Table of Contents
The topic of gifts and giving in the ancient world, in its economic, social and anthropological significance, as well as for the forms through which it is inserted in philosophical, political and moral discourse, has been enjoying more attention in the past few years.1 Accardi’s monograph concentrates on a systematic analysis of two works, Seneca’s de beneficiis and Cicero’s de officiis, which are treated in two different sections of the book. The first, composed of two chapters, is dedicated to Cicero; the second, made of three chapters, to Seneca. Even if a chapter providing a systematic comparison is missing, the two works are continuously measured against each other, with a particular attention to cultural change. The author convincingly shows that the gift undergoes, with Seneca, a form of “dematerialization”, as the “object gift” becomes less important in favor of a stronger focus on the “intention” of the giver. Cicero by contrast still operates (or wishes to operate) in the context of traditional Republican aristocratic competition where the main aim of the gift was bestowing glory on the giver.2 In this sense, Accardi’s conclusions fit in the pattern of change from the Republic to the Principate identified for the Roman beneficia by Wolkenhauer.3
The treatment of Cicero begins with a thorough lexical analysis, centered in particular on the concepts of munus, beneficium, and gratia, which is well-constructed and shows, for example, that munus means a compulsory counter-performance for a received officium, while the latter word does not seem to mean in any way an obligatory service or action. The gratia that must be “given in exchange” appears to have in Cicero a material nature of counter-performance, while it is completely de-materialized in Seneca, for whom it only represents a feeling of gratitude (pp. 15-24). Starting from there, the author highlights the embeddedness of the beneficium in Late Republican society and its function, according to Cicero, in the creation and consolidation of social bonds. In this sense, Accardi argues, the exchange of beneficia does not automatically create hierarchical nor equal relationships; it is not a euphemistic version of clientela and patronage, but has a more generic, overarching meaning of creating, through a material exchange, of social relationships of different kinds.
Seneca’s treatment comprises the largest part of the volume, almost half of the entire book (pp. 91-198). Accardi insists here too on the fact that for Seneca the beneficium is primarily constitutive of society, as it establishes and maintains social bonds. The biggest change is, according to the author, a shift from the gift to the giver and his intention, in the frame of what Accardi considers a broad proposal of ethical reform. In imperial society, the traditional form of exchange and reciprocity had become impossible, and in order to reorganize and restart this basic social mechanism, in the context of a complete social and political asymmetry between the giver and the receiver, with the emperor as “great giver” dominating the scene, Seneca proposed to focus on their voluntas, their conscience and disposition, to reestablish reciprocity.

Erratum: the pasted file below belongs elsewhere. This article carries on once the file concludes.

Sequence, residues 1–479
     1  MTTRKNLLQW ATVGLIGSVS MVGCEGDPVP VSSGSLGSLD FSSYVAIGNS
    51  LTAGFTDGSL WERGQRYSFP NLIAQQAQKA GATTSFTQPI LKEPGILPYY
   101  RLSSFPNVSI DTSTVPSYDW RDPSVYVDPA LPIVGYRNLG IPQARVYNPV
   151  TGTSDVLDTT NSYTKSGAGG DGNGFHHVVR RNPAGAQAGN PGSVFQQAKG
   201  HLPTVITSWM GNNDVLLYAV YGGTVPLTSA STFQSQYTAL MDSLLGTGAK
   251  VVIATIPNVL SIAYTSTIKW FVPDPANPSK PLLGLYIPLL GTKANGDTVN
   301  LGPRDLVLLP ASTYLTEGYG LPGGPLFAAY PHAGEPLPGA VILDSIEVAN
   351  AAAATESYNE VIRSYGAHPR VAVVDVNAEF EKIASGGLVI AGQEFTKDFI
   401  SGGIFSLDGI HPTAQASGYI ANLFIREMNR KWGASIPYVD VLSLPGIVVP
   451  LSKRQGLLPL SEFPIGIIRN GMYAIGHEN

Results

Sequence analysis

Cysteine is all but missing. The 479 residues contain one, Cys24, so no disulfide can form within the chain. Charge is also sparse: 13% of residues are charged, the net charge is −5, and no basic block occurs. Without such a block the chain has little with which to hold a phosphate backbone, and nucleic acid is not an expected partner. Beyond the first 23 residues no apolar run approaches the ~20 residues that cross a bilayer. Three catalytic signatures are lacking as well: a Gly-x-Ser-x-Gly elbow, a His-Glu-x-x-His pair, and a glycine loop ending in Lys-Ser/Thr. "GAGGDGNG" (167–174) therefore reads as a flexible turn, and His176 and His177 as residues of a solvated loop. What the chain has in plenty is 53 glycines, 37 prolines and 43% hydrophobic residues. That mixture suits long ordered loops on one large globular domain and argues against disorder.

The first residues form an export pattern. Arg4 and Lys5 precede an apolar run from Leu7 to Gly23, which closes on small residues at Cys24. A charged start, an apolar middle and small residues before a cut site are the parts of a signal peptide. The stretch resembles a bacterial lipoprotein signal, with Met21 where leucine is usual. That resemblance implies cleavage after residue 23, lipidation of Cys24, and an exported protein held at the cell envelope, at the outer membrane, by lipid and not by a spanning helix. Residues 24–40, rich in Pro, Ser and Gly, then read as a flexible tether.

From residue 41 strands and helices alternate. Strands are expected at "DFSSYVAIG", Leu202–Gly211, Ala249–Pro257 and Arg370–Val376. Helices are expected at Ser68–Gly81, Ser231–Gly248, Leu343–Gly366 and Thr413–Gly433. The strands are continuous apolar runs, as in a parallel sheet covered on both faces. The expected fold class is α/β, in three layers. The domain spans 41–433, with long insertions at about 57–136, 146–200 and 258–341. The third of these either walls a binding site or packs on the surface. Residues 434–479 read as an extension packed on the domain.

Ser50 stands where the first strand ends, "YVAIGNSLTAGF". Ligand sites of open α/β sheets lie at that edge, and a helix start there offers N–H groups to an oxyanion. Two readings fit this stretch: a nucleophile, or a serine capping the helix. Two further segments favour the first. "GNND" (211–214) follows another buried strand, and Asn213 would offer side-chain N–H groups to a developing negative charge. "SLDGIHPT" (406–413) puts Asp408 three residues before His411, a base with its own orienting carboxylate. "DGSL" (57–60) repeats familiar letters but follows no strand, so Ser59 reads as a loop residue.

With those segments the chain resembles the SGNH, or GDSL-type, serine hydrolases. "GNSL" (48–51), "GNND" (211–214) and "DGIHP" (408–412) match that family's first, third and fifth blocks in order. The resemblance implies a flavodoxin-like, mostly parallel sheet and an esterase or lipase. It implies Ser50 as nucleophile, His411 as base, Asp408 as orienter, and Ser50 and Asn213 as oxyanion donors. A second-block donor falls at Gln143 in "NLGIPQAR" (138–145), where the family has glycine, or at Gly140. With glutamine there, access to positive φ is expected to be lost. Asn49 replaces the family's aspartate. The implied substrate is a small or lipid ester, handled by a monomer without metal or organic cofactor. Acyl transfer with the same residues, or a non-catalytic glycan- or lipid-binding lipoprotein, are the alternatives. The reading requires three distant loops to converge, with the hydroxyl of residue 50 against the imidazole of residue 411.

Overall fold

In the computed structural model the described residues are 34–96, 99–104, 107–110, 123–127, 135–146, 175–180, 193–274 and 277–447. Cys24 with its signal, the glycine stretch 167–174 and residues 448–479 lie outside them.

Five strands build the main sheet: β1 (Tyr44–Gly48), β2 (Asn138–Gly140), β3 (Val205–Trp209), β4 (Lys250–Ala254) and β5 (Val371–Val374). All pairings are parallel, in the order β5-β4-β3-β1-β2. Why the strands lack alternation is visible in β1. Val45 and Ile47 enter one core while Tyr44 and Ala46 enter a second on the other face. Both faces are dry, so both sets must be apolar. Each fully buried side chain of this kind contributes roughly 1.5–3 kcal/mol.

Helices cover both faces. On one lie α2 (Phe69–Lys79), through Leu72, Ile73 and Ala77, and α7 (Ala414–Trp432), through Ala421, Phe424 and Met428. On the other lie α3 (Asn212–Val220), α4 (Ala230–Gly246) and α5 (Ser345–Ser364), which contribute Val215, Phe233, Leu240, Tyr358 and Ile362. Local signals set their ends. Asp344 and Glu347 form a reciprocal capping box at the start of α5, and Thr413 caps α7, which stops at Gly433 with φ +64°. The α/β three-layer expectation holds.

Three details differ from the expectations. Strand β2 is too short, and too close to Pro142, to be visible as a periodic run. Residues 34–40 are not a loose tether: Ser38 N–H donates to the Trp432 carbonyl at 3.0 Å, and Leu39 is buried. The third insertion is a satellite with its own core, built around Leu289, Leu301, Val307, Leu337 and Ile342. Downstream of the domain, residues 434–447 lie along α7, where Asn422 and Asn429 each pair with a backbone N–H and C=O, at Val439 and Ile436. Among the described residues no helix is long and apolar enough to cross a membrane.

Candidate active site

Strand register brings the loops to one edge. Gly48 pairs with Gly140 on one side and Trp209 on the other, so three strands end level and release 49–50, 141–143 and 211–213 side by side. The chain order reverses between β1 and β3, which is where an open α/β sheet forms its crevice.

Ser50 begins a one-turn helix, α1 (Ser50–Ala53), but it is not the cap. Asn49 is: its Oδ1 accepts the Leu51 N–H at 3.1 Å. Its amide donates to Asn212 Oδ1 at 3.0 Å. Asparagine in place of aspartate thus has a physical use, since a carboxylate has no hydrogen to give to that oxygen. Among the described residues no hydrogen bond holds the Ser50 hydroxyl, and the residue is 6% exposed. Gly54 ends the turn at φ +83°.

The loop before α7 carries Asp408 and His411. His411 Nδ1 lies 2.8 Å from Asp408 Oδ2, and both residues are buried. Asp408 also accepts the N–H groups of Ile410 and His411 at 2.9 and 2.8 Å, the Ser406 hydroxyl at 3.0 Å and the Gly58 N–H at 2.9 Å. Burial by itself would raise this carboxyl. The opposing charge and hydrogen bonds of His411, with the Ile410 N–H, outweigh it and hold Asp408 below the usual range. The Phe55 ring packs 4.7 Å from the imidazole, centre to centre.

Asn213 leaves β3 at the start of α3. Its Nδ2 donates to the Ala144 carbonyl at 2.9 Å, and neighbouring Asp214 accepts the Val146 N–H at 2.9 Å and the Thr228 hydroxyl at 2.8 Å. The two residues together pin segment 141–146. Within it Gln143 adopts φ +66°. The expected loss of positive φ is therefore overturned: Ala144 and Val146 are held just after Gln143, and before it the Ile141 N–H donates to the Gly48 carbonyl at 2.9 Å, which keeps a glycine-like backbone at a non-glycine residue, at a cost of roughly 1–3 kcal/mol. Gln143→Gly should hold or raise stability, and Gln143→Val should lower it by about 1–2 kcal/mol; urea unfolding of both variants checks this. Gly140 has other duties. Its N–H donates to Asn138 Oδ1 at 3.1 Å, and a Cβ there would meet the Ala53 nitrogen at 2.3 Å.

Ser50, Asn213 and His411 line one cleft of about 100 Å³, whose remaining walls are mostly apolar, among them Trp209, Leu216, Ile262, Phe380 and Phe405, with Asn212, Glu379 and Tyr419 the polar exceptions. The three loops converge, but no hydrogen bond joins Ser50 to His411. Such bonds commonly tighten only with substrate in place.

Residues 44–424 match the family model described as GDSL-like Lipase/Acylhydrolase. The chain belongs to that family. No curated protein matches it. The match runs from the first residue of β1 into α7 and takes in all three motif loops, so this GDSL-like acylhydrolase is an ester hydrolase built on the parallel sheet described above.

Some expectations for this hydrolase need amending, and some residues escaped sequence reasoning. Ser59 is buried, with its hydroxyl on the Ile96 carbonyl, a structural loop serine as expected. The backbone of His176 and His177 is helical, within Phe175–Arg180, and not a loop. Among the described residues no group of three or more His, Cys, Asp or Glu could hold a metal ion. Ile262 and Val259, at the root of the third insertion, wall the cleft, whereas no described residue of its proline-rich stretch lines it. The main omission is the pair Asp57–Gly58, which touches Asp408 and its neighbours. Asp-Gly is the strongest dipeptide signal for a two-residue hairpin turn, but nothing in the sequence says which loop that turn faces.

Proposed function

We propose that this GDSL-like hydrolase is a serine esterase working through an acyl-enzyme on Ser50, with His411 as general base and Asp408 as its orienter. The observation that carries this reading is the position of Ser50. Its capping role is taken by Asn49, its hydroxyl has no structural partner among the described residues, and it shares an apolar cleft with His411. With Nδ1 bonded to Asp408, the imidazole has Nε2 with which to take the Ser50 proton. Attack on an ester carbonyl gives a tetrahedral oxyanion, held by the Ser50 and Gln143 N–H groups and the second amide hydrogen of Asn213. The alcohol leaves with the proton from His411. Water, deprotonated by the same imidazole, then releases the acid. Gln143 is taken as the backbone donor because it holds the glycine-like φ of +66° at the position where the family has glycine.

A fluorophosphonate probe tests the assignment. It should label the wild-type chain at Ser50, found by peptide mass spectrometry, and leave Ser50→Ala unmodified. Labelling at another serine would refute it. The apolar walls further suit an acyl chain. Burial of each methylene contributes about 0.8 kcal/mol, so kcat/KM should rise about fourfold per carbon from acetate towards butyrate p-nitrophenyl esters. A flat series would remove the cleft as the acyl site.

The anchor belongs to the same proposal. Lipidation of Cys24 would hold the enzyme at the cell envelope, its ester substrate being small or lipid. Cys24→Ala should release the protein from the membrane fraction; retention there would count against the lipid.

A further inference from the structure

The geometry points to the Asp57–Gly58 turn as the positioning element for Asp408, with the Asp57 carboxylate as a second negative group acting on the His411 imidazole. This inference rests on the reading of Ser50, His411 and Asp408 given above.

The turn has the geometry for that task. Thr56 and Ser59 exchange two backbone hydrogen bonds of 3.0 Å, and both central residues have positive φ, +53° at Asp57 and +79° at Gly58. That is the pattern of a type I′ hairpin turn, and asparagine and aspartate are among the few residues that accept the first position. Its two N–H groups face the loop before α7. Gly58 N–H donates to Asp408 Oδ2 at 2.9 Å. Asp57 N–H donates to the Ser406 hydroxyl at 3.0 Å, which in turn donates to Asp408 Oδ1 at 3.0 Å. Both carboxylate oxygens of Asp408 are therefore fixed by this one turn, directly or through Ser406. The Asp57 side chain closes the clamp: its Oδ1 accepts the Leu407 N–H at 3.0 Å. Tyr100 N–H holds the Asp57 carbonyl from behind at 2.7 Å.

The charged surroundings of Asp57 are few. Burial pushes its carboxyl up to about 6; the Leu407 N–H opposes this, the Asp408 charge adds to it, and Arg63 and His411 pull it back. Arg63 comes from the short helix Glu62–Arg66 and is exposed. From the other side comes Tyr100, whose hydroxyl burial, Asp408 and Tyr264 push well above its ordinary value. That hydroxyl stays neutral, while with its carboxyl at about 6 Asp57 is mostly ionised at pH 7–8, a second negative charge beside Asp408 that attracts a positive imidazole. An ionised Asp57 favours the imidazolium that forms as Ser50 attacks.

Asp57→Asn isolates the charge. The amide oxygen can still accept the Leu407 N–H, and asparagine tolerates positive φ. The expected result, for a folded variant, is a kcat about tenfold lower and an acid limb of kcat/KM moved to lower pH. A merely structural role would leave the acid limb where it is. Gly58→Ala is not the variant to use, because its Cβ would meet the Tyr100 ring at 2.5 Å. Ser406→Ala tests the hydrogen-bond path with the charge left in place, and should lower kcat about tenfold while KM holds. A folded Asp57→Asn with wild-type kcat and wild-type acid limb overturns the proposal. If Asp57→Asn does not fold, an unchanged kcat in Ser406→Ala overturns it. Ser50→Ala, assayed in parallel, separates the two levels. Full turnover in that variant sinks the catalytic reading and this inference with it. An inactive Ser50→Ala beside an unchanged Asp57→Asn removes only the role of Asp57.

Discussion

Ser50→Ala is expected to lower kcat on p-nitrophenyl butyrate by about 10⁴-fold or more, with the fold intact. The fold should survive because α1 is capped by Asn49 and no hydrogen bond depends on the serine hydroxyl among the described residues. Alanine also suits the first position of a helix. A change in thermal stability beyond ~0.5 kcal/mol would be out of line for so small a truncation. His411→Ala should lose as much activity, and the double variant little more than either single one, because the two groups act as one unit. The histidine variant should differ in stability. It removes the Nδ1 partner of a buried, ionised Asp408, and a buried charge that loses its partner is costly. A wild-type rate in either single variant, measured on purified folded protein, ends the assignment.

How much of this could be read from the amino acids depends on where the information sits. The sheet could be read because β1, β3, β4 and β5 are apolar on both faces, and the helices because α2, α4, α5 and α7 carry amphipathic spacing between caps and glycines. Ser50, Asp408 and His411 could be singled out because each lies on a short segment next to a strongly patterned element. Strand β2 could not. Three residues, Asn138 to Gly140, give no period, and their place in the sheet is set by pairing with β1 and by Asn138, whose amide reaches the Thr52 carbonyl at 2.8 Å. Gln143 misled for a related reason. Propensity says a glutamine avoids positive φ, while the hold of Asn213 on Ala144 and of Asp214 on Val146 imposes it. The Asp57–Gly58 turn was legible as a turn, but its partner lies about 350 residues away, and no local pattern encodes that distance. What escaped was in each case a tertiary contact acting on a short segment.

The last and shortest section of the book, comprising only one chapter, is dedicated to theoretical models, and to a comparison between the theorization of beneficia in Cicero and Seneca and the theorization of gifts in modern literature. It is first of all surprising that this presentation of modern literature, of the dominating theoretical models (and of the ways they used ancient sources!), is placed at the end, rather than at the beginning. Even the definition of beneficium is provided only here (p. 216). This is by far the weakest part of the book. This depends not only on the fact that the author could not consult recent publications that would have contributed to a substantial rethinking of the subject but also concentrated on a very narrow selection of the “modern literature.” Apart from discussing Marcel Mauss, and quickly mentioning Godelier, Weiner, and others, Accardi concentrates on the MAUSS group,4 and particularly on Godbout and Caillé. About them she raises some important criticisms, especially in connection to the rigid separation between gift and commodity implied by them, which risks hiding the deep embeddedness of the “system gift” in the broader economic, social, political, cultural context.
Accardi provides the readers with a useful reflection on the ways in which Cicero and Seneca saw the beneficium, and how they built it into their philosophical and political systems, reacting to the shifting social, political and cultural contexts of their times. The detailed work on the ancient sources is useful; most of the arguments about the change in the social dynamics of giving and receiving between Cicero and Seneca and the “dematerialization” characteristic of the Principate are convincing; and some of them will constitute useful starting points for further research.
1. E.g. M. L. Satlow (ed.), The Gift in Antiquity, Malden, MA – Oxford 2013; F. Carlà – M. Gori (eds.), Gift Giving and the ‘Embedded’ Economy in the Ancient World, Heidelberg 2014.
2. See in particular ch. 3, pp. 91-126.
3. J. Wolkenhauer, Senecas Schrift de beneficiis und der Wandel im römischen Benefizienwesen, Göttingen 2014.
4. See the homepage of the MAUSS journal: La Revue du M.A.U.S.S.. When considering the coexistence of gift-giving with other forms of exchange, it would have been useful to use also Alain Testart, whose absence from the bibliography is surprising: A. Testart, Critique du don. Études sur la circulation non marchande, Paris 2007.